Fortify HashiCorp Terraform Cloud automation for BIG-IP using Open Policy Agent - OPA


The Open Policy Agent (OPA, pronounced “oh-pa”) is an open-source, general-purpose policy engine that unifies policy enforcement across the stack by providing a high-level declarative language that lets you specify policy as code and simple APIs to offload policy decision-making from your software.  OPA decouples policy decision-making from policy enforcement and is becoming popular with Kubernetes ecosystems. When it comes to F5 infrastructures such as BIG-IP or NGINX, OPA can be used to provide guard rails around deployment automation and configuration files. HashiCorp Terraform is commonly used by many customers to deploy BIG-IP infrastructure and now Terraform Cloud allows its users to utilize OPA’s policy framework (as an alternative to HashiCorp's sentinel) to write and enforce policies for Terraform automation.

Here are some sample BIG-IP automation scenarios:

  1. In the Terraform resource ‘security group’ if the user exposes the CIDR block as “” open to the world for SSH traffic, before this configuration is applied, a rule in the OPA policy could flag this as an error in configuration, allowing the user to correct.
  2. If the AS3 JSON has some sensitive information like “Private Key” which is getting exposed, OPA can flag those.

The screenshot below shows how OPA flagged a failure when the SSH security group for BIG-IP is accidentally left wide open. The OPA Policy will show the failure when the Terraform plan is run and will not allow the BIG-IP instance to be deployed in the cloud.

Sample OPA BIG-IP Policy




package terraform.policies.public_ingress

import input.plan as tfplan

deny[msg] {
  r := tfplan.resource_changes[_]
  r.type == "aws_security_group"
  r.change.after.ingress[_].cidr_blocks[_] == ""
  msg := sprintf("%v has as allowed ingress", [r.address])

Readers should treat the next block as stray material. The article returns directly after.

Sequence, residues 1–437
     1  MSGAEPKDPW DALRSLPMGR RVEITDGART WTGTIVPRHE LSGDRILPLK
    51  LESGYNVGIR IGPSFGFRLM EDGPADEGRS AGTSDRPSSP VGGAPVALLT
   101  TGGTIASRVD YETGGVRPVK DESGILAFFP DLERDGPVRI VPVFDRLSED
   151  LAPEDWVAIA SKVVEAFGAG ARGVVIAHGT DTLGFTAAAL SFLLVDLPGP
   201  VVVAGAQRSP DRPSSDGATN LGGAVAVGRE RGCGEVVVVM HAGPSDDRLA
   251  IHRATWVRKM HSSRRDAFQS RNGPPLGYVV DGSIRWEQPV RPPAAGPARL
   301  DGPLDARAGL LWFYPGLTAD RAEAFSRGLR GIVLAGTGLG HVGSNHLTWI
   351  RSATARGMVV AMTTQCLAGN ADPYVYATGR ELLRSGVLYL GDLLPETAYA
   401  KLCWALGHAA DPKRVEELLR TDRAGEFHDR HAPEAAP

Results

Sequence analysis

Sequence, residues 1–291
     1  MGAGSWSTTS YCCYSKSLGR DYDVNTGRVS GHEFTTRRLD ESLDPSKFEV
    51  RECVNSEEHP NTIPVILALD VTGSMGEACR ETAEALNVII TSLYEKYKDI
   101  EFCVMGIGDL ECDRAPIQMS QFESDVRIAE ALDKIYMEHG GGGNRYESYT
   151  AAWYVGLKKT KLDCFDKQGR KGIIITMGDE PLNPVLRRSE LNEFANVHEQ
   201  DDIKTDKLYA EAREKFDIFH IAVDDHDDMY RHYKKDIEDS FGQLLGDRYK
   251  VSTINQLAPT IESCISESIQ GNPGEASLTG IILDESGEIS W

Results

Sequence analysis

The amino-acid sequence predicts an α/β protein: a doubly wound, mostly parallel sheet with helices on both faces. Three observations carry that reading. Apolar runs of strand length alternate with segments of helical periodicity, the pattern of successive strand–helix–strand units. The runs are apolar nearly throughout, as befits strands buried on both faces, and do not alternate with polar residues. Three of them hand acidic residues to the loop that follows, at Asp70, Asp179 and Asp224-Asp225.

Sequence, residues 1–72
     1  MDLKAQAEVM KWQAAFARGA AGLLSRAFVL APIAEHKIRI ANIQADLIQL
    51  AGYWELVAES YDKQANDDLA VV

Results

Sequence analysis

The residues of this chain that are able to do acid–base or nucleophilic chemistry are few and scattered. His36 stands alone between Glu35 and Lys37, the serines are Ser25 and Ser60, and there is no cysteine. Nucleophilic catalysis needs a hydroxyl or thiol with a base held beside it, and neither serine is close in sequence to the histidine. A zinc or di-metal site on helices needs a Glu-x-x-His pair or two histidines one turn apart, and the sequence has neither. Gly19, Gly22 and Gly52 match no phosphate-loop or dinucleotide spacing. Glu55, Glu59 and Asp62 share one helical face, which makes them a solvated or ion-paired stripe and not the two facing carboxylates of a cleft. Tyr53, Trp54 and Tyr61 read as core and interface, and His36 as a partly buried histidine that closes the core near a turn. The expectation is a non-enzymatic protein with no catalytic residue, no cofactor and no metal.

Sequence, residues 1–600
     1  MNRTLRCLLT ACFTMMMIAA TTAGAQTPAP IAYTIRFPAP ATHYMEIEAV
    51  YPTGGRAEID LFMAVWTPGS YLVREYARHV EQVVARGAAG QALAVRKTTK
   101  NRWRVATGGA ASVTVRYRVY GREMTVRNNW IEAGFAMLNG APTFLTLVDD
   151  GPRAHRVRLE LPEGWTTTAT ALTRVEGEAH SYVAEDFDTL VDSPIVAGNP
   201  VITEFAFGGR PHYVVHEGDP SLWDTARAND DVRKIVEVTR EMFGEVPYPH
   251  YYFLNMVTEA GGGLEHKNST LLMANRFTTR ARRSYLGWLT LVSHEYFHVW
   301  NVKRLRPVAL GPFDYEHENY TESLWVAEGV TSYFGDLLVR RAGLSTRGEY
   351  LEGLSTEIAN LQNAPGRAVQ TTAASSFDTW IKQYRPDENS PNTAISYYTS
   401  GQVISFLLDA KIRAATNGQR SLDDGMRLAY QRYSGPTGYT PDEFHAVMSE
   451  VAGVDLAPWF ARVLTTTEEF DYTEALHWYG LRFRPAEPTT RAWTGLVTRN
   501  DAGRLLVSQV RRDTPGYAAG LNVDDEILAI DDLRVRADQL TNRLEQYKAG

How to use OPA with BIG-IP?

Here are the steps to follow to use an Open policy agent with Terraform Cloud and BIG-IP.

  • Select the  CLI-driven workflow option. We are selecting the CLI-driven option so that we can issue Terraform CLI commands from the terminal that you are using on your laptop. The Terraform state information will be securely stored in Terraform Cloud.

  • Provide a workspace name matching what you have in the file  as shown.

  • Staying on the workspace option select variables on the left as shown below, Add AWS Credentials to the workspace.  Make sure the values are marked sensitive as shown.

  • Follow the instructions on the page displayed when the workspace is created. It instructs you to run Terraform CLI commands for this new workspace.
  • Next create an OPA policy set in Terraform Cloud, to create the OPA policy. Click on your organization name and then settings on the left as shown below:

  •  Then click on Policy Sets just below the policies to create a new OPA Policy

  • Click on Connect a new policy set as shown below

  • Click on GitHub and connect your VCS repository which you did a git clone in Step 1

  • You can browse to locate the repository; in your case, it will be your forked repository

  • Then select the option Open Policy Agent and provide any name to the policy.

  • Click the option “Policies enforced on selected workspaces” and the new workspace you just created to the policy as shown below. Finally, click on connect policy set. This will apply the policy to the workspace.